Krugman’s Baby-Sitting Coop


Once upon a time, there were three neighboring families with young children.  They all needed babysitting at different times and there was a shortage of reliable professional babysitters in the neighborhood.  The neighbors all wanted their children to be able to play with neighboring kids, so they often take turns babysitting for each other.  However, the Smith family started babysitting more for the Wilsons than the Wilsons could reciprocate, and the Wilsons would often say ‘we owe you one’ to the Smiths.  The Smiths know that they can count on getting the favor returned, but the Wilsons were worried that they would forget so the Wilsons started writing IOUs on scraps of paper to help keep track.

Then the Wilson family’s schedule changed and they could no longer babysit the Smiths anymore.  The Smith family had accumulated five IOUs, and the Wilson’s felt bad about not being able to pay them back.  Fortunately, the Jones family was available to babysit for the Smiths.  The Smiths give them an IOU each time to help keep track because they Smiths’ schedules meant that they weren’t able to pay them back very often.   The Joneses accumulated a pile of IOUs.

The Wilsons had been feeling guilty about not doing their part, so they figured out how to rearrange their schedule to babysit for the Wilsons even though they actually owed the Smiths.  Naturally, the Wilsons gave them IOUs and the Smiths were surprised to see that they were getting back the very same IOUs that they originally gave to the Smiths. The three families got together and decided to invite other neighboring families to join their babysitting circle and a babysitting coop was born.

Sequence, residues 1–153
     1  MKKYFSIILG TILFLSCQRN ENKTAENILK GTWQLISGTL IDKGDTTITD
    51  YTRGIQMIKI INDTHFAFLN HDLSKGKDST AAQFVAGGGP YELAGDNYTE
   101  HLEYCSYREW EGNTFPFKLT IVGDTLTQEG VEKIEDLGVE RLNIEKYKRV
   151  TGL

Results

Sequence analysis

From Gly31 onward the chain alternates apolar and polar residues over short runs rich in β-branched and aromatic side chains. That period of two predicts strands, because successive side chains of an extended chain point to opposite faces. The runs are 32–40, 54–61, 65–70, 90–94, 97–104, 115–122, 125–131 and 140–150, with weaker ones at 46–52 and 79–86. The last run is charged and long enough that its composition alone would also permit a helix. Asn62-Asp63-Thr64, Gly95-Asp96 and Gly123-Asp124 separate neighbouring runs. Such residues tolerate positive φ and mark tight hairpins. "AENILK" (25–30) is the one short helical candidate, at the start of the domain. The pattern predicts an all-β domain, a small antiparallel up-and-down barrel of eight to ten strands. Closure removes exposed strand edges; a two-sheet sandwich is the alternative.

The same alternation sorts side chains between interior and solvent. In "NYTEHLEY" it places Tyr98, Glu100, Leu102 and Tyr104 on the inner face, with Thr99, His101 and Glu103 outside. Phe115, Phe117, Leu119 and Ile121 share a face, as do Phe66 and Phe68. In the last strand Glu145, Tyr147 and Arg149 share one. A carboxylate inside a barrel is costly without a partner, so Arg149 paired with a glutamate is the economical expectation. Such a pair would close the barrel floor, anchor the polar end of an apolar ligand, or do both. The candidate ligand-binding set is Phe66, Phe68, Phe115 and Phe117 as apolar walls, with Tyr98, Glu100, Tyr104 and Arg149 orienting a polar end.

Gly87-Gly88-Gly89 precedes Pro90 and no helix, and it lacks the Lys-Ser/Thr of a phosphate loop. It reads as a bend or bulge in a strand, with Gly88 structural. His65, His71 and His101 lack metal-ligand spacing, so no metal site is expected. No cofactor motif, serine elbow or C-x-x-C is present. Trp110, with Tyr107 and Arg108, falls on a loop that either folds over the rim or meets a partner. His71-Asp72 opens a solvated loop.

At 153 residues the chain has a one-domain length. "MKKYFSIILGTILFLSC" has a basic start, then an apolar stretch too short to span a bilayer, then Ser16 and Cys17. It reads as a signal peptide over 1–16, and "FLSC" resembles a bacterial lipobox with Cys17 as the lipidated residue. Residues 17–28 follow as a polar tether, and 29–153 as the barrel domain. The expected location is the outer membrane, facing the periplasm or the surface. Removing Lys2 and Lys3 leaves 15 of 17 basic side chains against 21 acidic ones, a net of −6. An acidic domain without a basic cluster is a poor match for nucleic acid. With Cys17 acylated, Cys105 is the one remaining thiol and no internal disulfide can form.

This parable illustrates that even with only three families, there is often a coincidence of wants problem that is makes it difficult or impossible to barter between any two people even though there are other people who could fill the wants of both.  IOUs (also known as Money) can help solve this coordination problem.

This is also essentially how all money works.  In societies with less trust and more potential problems with counterfeiting than a community of friends exchanging the gift of babysitting, some sort of intrinsically-valuable commodity like gold or cigarettes is sometimes also used, but commodity money works exactly the same way as IOUs except for the greater difficulty in creating commodity money (and the greater incentive to intentionally destroy it to use it as a commodity).  People accept gold coins in payment merely because they know that lots of other people will feel indebted to whoever has a lot of gold coins.